Perfect for Twelfth Night, ‘It came upon the midnight clear’ by Edmund Hamilton Sears, to the tune NOEL by Arthur Sullivan.
Edmund Sears (1810-1876) was born in Massachusetts, and preached first as a missionary, then pastor of a Unitarian church in the town of Wayland. He moved away to the larger settlement of Lancaster, but suffered a nervous breakdown and returned to Wayland in 1847, where he took on only part-time preaching duties and devoted the rest of his time to writing. ‘It came upon the midnight clear’ was written in 1849 during a bout of melancholy, in which Sears reflected on a domestic war with Mexico and a year of revolutions throughout Europe. It is not explicitly a Christmas carol – there is no mention of events in Bethlehem, or any other aspects of the Nativity (save, perhaps, the Annunciation – which is only implied), and the tone of the middle verses is downright gloomy. Only the last stanza gives any hope of better times to come.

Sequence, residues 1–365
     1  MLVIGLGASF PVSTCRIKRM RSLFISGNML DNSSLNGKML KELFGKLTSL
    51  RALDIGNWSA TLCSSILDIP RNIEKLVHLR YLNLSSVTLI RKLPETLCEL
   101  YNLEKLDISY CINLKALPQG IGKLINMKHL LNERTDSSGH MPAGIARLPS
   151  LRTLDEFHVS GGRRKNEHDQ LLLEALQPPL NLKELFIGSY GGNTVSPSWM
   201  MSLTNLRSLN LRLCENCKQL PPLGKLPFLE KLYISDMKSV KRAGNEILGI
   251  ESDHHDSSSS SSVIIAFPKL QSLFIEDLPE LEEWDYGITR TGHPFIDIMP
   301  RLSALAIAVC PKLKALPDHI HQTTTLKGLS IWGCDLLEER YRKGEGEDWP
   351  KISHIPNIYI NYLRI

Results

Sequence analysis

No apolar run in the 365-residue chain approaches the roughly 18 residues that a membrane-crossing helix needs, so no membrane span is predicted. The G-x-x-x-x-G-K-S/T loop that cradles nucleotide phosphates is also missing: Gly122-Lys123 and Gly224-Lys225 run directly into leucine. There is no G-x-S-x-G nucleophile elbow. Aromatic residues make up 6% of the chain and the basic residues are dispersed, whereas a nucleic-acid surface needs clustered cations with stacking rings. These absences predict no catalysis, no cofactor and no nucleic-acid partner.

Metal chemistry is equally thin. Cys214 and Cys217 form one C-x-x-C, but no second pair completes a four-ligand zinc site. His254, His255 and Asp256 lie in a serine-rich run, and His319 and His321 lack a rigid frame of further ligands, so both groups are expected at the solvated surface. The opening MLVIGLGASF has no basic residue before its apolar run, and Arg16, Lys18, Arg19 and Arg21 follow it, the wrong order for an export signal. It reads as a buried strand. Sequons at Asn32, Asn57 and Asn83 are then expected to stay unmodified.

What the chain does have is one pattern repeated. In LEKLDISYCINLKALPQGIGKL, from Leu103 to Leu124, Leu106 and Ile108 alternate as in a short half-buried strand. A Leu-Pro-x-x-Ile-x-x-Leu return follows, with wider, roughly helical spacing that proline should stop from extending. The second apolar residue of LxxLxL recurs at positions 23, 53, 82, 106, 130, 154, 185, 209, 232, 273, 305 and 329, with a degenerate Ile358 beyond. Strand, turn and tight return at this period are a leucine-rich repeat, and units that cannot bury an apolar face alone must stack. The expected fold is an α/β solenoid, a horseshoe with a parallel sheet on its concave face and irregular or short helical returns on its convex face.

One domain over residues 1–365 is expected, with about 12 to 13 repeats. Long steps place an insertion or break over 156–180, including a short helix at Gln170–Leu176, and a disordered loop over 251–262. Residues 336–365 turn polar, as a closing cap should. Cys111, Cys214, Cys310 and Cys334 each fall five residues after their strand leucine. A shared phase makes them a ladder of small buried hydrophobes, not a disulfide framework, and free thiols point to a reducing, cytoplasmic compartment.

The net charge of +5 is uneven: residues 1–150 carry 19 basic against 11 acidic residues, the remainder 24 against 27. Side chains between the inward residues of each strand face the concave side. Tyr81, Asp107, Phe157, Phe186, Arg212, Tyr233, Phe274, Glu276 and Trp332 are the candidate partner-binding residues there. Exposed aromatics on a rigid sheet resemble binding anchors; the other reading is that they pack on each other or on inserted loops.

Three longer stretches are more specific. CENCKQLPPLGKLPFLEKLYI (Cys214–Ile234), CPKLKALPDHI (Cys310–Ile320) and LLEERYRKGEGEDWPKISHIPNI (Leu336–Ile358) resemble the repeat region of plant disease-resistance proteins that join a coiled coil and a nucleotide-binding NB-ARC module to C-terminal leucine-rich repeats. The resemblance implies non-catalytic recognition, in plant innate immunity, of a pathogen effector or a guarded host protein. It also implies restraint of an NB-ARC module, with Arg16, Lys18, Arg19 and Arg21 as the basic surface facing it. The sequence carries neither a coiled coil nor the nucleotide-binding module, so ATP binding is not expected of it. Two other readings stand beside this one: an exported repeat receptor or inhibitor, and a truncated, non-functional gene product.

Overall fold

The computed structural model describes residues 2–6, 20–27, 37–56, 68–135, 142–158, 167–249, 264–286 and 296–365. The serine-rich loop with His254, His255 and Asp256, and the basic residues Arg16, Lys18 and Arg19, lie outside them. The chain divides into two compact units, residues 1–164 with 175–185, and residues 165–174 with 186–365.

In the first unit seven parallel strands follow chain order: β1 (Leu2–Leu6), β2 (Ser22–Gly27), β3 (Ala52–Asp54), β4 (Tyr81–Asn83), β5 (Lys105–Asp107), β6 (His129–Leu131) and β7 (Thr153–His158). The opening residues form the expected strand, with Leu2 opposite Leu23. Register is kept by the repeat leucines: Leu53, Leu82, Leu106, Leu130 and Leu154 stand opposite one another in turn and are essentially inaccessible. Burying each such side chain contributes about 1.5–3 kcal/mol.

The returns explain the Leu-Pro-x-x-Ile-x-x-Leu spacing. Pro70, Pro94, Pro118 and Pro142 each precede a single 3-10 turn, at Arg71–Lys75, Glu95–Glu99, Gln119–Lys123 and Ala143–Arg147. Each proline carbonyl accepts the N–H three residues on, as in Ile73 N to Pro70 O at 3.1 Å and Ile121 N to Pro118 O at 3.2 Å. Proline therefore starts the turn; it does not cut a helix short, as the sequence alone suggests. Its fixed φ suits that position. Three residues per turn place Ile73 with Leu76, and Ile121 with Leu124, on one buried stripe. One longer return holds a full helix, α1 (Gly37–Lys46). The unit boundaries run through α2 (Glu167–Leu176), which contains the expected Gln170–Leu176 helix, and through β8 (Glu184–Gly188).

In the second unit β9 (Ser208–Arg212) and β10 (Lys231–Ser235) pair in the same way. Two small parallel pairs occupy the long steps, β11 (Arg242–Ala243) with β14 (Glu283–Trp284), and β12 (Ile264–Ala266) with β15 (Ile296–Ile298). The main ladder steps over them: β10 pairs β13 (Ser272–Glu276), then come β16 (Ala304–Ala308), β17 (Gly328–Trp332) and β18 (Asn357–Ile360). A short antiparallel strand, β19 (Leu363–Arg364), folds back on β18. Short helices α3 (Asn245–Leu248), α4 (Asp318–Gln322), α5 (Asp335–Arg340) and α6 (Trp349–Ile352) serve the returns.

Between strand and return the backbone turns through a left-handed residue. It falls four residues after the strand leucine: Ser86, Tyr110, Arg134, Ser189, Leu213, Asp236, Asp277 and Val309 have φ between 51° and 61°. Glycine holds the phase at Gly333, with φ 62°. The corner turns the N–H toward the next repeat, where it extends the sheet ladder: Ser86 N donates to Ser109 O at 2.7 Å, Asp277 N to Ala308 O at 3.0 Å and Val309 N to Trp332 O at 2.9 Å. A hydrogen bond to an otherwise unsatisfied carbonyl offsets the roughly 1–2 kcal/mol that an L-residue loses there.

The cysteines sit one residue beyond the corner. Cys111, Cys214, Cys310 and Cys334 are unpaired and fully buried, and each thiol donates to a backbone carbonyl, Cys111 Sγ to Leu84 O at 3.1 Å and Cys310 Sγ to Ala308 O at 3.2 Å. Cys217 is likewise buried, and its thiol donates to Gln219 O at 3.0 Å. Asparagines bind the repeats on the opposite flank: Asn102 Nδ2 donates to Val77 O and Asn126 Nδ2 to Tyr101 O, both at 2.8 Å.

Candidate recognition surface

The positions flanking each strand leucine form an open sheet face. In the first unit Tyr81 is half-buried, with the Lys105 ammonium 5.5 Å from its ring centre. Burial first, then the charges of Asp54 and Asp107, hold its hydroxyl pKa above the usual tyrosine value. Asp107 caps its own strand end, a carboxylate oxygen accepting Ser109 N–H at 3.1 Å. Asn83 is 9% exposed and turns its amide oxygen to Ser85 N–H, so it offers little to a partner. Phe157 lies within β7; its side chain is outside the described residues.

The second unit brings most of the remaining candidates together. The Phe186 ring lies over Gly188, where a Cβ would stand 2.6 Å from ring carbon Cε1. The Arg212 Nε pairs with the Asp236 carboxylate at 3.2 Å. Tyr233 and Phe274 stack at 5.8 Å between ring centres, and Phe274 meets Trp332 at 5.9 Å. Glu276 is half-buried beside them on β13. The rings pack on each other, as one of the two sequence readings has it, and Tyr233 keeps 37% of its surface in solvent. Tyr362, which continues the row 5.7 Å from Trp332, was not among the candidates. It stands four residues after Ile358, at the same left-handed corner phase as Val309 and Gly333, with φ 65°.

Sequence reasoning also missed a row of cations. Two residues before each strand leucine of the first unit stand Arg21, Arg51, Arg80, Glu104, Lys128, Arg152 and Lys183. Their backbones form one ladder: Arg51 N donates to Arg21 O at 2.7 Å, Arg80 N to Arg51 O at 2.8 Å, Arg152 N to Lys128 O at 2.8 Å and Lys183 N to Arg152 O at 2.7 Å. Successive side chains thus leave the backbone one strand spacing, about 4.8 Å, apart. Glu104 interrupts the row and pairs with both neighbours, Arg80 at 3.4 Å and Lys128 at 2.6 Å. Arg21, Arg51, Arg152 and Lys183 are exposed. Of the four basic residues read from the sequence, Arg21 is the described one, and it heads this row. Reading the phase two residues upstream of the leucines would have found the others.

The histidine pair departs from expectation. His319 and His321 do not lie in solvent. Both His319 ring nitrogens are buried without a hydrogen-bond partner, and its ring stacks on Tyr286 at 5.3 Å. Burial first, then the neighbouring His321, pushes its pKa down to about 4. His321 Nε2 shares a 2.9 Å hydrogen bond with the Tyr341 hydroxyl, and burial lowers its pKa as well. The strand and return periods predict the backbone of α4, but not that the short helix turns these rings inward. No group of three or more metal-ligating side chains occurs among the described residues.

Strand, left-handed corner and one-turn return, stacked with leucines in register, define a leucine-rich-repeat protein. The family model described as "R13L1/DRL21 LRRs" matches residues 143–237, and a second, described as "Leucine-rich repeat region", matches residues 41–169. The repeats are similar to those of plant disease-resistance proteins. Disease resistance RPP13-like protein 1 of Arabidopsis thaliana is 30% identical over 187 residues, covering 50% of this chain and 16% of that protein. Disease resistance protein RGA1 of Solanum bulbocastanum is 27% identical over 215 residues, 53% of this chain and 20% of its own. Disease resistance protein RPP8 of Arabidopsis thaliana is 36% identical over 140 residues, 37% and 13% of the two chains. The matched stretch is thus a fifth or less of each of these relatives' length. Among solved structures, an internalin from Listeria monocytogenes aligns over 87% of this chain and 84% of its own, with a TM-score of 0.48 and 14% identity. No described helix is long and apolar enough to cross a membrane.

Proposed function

Arthur Sullivan (1842-1900) though best-known for the Savoy operas he wrote with W. S. Gilbert, decicated an early part of his career to devotional works including oratoria, anthems and hymn-tunes. Such was his standing in the field that he was asked to edit two hymnals, The Hymnary (1872) and Church Hymns (1874). NOEL (also known as GERARD or EARDISLEY) appeared in the latter book. The core of the tune is taken from an old English melody or folk origin, with Sullivan standardising the phrases to make it fit ‘double common metre’ (four couplets consisting of eight syllables, then six). Sullivan himself paired ‘It came upon the midnight clear’ to his tune, which is how it is most often sung in the UK. In the United States it is better-known to the tune CAROL by American composer Richard Stores Willis.
As ever, the following descant is free to download and use, so please do so, and let us know how you get on. And we’d be delighted to receive any audio or video of your attempts.